More old technology is about to become defunct as the first country switches off FM radio in favour of digital signals.
Millions of home and car radios will stop picking up FM radio signals in Norway from week as the network is phased out across the country over the rest of the year.
Despite howls of protests from two out of three Norwegians, the government refused to change stance and voted for the measure.
The winning argument was Digital Audio Broadcasting (DAB) is better quality and carries more channels than FM, which first hit the air waves in the 1950s. Experts testified DAB would have more clarity, no hiss and fewer black spots across the mountainous country.
Protestors argue more than 2 million vehicles cannot pick up DAB without spending around £150 adapters and millions more home devices reliant on FM will become redundant.
DAB radio rules the roost
Norway is the first nation to switch off FM, but heads a queue of other nations rushing to go digital.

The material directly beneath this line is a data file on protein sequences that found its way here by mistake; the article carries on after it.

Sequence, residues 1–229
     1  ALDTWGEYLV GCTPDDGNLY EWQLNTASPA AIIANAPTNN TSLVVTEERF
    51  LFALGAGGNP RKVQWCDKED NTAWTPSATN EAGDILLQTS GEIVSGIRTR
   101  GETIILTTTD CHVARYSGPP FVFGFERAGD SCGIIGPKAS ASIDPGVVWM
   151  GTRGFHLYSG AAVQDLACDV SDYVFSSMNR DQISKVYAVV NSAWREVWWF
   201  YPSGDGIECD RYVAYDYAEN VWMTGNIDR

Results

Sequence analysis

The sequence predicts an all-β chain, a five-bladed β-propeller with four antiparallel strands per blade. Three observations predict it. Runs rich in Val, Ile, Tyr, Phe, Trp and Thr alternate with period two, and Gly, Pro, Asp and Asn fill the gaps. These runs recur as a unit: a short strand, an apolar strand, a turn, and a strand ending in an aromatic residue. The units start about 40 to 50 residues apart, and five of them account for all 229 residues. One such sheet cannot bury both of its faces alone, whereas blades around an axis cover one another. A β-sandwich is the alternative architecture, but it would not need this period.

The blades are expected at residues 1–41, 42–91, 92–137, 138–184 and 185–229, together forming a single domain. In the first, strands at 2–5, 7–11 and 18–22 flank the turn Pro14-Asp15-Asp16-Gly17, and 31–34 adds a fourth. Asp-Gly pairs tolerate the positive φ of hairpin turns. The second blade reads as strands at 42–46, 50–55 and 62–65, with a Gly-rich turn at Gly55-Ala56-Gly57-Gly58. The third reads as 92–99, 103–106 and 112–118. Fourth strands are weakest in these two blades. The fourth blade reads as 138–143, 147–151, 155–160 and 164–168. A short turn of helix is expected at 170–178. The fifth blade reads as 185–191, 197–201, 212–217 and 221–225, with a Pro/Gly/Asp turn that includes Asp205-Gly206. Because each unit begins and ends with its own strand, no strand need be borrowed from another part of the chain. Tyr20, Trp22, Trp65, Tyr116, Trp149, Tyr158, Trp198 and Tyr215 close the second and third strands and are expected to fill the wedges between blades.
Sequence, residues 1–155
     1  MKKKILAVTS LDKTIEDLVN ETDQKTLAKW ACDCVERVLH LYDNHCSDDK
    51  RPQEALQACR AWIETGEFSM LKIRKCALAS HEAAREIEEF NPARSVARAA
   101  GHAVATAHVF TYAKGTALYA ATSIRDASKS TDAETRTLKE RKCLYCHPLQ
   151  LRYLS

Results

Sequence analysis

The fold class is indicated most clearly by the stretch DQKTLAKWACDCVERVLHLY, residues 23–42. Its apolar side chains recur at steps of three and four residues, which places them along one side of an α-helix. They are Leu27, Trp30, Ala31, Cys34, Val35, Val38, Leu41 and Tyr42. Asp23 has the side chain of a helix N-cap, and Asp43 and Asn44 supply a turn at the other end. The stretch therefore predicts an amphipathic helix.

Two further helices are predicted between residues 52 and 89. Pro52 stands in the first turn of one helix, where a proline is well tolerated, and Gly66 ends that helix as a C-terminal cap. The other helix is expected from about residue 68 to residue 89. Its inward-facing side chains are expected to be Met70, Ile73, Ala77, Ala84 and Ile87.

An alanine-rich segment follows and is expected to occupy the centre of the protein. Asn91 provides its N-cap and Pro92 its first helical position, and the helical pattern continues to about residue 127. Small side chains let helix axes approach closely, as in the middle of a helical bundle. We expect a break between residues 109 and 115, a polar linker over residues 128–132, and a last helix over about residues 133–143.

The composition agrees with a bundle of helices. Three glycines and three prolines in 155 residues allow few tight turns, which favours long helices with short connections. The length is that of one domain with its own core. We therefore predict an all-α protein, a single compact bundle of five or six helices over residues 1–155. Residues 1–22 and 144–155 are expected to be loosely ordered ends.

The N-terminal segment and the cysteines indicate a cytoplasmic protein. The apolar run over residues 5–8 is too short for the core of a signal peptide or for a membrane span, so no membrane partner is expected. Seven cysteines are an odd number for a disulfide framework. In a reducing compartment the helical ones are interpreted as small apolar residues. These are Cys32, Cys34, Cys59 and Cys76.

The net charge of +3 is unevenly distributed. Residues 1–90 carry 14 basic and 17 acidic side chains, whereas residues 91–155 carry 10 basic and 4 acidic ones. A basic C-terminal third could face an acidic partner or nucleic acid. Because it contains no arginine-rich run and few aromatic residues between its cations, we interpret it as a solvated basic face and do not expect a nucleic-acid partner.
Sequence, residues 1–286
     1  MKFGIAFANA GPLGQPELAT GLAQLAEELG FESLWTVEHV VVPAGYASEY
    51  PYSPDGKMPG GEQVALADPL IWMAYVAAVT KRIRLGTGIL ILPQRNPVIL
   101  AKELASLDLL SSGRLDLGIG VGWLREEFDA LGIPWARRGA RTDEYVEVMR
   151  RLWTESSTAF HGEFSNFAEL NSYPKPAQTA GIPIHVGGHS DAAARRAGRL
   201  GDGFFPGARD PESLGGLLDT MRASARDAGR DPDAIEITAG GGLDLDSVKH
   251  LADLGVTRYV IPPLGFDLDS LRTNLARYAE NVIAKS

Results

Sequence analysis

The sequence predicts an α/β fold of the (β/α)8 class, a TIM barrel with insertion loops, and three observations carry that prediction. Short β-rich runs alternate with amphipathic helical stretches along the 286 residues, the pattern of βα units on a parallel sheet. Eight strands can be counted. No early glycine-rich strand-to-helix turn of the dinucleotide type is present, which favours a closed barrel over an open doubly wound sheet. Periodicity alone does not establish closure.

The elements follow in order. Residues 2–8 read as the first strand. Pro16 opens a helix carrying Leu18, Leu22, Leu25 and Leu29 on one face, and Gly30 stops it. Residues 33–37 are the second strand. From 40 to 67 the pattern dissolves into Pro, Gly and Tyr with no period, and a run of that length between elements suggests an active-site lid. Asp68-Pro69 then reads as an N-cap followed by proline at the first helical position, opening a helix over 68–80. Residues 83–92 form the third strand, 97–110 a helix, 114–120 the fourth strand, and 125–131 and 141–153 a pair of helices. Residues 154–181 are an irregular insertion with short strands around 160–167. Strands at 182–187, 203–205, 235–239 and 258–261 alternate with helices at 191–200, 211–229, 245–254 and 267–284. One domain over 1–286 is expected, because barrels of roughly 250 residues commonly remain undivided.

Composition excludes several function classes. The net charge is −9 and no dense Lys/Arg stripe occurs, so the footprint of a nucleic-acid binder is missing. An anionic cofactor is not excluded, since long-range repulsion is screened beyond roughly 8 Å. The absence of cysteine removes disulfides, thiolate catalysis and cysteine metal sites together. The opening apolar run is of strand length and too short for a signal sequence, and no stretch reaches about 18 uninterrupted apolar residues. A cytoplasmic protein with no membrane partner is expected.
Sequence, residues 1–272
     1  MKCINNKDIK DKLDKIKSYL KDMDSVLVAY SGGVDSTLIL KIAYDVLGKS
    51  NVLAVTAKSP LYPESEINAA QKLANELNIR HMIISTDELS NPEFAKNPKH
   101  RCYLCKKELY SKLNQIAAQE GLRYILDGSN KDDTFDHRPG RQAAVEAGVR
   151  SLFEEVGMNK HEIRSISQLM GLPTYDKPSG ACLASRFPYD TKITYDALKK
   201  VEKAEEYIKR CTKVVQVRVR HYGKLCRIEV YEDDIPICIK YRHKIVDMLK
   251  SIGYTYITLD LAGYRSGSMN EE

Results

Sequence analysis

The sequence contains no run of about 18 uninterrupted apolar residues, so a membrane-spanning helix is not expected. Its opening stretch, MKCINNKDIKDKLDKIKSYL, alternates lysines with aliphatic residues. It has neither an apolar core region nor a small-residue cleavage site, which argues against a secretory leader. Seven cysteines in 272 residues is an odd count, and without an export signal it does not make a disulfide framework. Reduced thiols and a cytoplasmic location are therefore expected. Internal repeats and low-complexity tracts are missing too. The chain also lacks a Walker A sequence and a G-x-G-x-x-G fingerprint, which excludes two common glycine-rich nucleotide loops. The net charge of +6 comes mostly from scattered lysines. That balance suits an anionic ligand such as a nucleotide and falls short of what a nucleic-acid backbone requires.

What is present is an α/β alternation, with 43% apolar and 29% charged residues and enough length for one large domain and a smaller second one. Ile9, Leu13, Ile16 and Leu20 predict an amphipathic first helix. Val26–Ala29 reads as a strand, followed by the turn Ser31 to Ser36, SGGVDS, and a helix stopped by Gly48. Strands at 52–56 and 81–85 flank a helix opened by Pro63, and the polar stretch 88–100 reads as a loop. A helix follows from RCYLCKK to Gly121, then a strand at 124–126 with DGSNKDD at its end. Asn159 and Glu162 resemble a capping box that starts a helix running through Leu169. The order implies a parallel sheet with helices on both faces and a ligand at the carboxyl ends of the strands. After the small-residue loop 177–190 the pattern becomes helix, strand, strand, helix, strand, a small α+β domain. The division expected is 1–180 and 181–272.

Switzerland plans phasing out FM from 2020, while Britain and Denmark are considering the move as well.
Britain will start switching over when DAB reaches a listenership of 50% of the audience, which could be as soon as the end of the year, said a spokesman for Digital Radio UK.
“We’re the first country to switch off FM but there are several countries going in the same direction,” said Ole Joergen Torvmark, head of Digital Radio Norway, which is owned by national radio broadcasters.
Torvmark argued that for the same cost as an FM network, DAB could deliver eight times as many channels.
Digital technology advances have seen online downloads disrupt traditional TV, radio and music delivery systems in recent years.
Apple’s App Store chalked up more than $28 billion in sales last year for downloads.
Many devices have become smaller – while TV screens have migrated away from the cathode ray tube and become much larger.
Cables have all but disappeared as wireless technology has improved.
Blu-Ray is fast vanishing and as prophesised by Microsoft mogul Bill Gates, is likely to be the last disc format in wide use.